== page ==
Monday, July 27, 2015

Phil Johnstone from New Zealand shares his experience of removing rubble for earthquake-affected families together with young local volunteers

What a privilege to spend a day clearing rubble with an enthusiastic group of socially-minded Nepali student volunteers. 

My first experience as a Habitat volunteer was possibly the dustiest day of my life.  It was poignant to work alongside the owners of homes destroyed by the earthquake of 25 April 2015.  It’s hard to fathom what it must be like to see the home you have lived in for 60 years reduced to a pile of bricks, stones, wood, mud and scattered possessions. 

But from start to finish, the energy, positive attitude and fun displayed by my 25 fellow volunteers turned a long, hot July day into an unexpectedly joyous experience.

Phil Johnstone works alongside other volunteers during Habitat for Humanity Nepal’s rubble removal activity in Sankhu, Kathmandu district on 3 July 2015. (Habitat for Humanity Nepal/Sameer Bhattarai)

We assembled on 3 July at around 9.30am in the badly damaged village of Sankhu, Kathmandu district, a 45-minute drive north-east of the capital Kathmandu.  A majority of buildings lay flattened – with rubble piled high amidst half-collapsed walls.

Roughly half the volunteer group were female first-year university students – social work majors doing a Bachelor of Public Health degree. The rest were guys – either still in high school or in their first semester at university. We geared up with gloves, hard hats and masks, and following a group photo and a safety briefing, the work began.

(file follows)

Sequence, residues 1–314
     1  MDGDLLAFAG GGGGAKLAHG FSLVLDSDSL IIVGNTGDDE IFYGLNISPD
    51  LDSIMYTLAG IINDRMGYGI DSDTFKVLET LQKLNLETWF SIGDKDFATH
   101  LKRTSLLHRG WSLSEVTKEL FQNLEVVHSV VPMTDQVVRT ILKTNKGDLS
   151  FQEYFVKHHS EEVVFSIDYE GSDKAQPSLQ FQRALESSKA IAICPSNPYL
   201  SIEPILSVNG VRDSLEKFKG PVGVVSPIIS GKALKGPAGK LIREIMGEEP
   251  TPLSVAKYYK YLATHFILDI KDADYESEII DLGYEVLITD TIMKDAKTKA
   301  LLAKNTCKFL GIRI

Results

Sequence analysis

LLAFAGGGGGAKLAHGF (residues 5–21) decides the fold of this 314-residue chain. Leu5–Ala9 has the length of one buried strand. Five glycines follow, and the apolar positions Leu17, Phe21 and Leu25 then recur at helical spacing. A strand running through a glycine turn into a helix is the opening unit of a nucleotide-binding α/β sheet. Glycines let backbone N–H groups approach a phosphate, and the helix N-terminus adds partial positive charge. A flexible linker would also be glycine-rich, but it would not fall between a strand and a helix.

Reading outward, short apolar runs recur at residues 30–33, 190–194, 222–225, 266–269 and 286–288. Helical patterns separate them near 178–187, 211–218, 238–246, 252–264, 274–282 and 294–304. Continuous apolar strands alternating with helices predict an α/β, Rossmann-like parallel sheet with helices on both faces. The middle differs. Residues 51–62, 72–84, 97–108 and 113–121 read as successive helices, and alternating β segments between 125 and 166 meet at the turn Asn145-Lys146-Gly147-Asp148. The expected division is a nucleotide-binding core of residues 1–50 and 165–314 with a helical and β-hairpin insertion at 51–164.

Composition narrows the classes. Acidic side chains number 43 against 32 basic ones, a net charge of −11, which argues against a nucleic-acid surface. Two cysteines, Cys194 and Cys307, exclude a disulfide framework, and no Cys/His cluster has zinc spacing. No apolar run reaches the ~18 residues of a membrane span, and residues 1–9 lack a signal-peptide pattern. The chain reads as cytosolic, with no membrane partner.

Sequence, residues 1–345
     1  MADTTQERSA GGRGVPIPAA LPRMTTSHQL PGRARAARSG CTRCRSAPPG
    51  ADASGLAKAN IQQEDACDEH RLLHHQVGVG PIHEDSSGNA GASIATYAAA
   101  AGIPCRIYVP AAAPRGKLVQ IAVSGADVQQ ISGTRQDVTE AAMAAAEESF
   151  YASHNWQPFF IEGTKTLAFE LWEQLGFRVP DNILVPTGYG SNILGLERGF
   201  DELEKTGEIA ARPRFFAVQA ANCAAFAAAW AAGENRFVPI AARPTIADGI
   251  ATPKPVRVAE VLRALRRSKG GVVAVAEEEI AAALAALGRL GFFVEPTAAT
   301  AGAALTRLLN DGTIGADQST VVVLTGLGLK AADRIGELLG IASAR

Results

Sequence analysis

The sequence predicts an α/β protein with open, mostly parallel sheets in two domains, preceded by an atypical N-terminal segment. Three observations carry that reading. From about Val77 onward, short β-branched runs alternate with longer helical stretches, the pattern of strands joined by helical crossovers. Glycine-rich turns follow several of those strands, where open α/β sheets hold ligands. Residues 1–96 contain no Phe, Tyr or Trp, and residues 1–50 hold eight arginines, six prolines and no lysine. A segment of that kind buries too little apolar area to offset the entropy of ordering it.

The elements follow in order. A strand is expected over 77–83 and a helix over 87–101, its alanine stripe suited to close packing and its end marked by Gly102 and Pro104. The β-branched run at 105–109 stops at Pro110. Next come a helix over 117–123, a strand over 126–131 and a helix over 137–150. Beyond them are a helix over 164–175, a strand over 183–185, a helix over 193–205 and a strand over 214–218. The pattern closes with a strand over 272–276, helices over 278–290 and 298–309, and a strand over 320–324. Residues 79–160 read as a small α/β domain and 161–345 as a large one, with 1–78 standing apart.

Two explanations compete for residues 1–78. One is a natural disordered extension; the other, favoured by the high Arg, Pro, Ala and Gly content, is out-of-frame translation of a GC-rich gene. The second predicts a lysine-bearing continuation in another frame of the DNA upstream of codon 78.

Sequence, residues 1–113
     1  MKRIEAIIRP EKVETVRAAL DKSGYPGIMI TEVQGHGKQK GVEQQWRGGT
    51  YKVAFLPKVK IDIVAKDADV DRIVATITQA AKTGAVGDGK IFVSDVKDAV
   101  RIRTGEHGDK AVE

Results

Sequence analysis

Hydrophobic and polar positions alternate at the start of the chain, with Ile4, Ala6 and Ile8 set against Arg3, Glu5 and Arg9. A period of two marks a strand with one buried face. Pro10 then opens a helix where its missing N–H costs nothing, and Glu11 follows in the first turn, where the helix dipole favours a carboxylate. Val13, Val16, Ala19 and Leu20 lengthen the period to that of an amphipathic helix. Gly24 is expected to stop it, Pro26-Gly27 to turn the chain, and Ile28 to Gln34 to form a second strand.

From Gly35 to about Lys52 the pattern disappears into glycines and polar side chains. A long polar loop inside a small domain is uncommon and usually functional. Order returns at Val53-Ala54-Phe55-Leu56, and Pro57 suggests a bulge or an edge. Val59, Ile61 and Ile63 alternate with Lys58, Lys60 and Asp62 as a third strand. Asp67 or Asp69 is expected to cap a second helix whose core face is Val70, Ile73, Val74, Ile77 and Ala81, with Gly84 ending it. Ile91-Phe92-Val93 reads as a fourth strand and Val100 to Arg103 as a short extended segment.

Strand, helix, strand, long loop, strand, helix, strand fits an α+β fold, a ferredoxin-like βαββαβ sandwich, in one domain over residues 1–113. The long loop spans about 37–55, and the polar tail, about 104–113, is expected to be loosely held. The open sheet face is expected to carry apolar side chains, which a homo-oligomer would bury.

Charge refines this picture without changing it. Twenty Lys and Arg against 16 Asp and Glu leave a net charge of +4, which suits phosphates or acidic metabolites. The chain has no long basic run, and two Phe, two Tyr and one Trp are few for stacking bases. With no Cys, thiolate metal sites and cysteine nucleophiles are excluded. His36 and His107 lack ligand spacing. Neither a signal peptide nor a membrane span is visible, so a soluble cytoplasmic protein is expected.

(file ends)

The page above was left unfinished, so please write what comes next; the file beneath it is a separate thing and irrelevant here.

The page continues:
I spent the morning on the first floor of a house, removing what remained of two walls that used to support a now non-existent roof.  A small proportion of the bricks were suitable for re-use and these were carefully passed to volunteers at ground level and stacked. The walls were devoid of reinforcing, and bricks seemed to be only held together by mud. Little wonder these traditional houses proved no match for the two major quakes that took over 8,800 lives.

Fortunately for me, this rubble-clearing day featured a special lunch – a thank-you treat marking the last day of work by local volunteers, mobilized by Habitat for Humanity Nepal since the first earthquake on 25 April, before the monsoon kicked in.
Out came the mobile phones and the selfie stick, and our group was like any bunch of laughing, excitable young people on a shared mission. 
(Above, foreground) Bhumika Parajuli clears debris from a destroyed house. (Below, in pink) Home owner Mangal Maya Malla, 60, with volunteers and Habitat staff who helped her save wood and bricks from her destroyed home. (Habitat for Humanity Nepal/Phil Johnstone)
Over lunch, high school student Ezekiel Rai, 19, explained why he and his friends Simon and Ismayal have chipped in on all 20 volunteer days.  “Our exams had finished, and we are the youth.  If we don’t take a step to help, that wouldn’t be good.  It has been hard work but when we build a shelter and see a family move in, we feel proud and have joy in our hearts to have helped our country.”

Similarly, Bhumika Parajuli, 19, is driven by a strong sense of community connection.  “I’m a public health student so it’s my duty to serve the public,” she said.  “Doing this work with Habitat is our way to express what we aspire to do in public health in the future. This has been the best experience for us.”

My afternoon was spent pulling out wood and bricks from a pile of rubble that used to be the two-story home of Mangal Maya Malla, 60.  Unmarried, Mangal had lived in the house all her life.  She spent the day working alongside the volunteers – stacking bricks and pitching in with various digging tools.

“It’s a difficult task for these young people but it’s great for me.  I was helpless but today I am not alone.  I am so grateful.”

Her words capped a tiring yet inspiring day. Thanks, Habitat, for helping people left homeless by Nepal’s earthquakes, and enabling a new generation to step up and contribute.   

Phil Johnstone is a New Zealand public relations consultant who is working toward a career as a disaster and conflict zone communicator.


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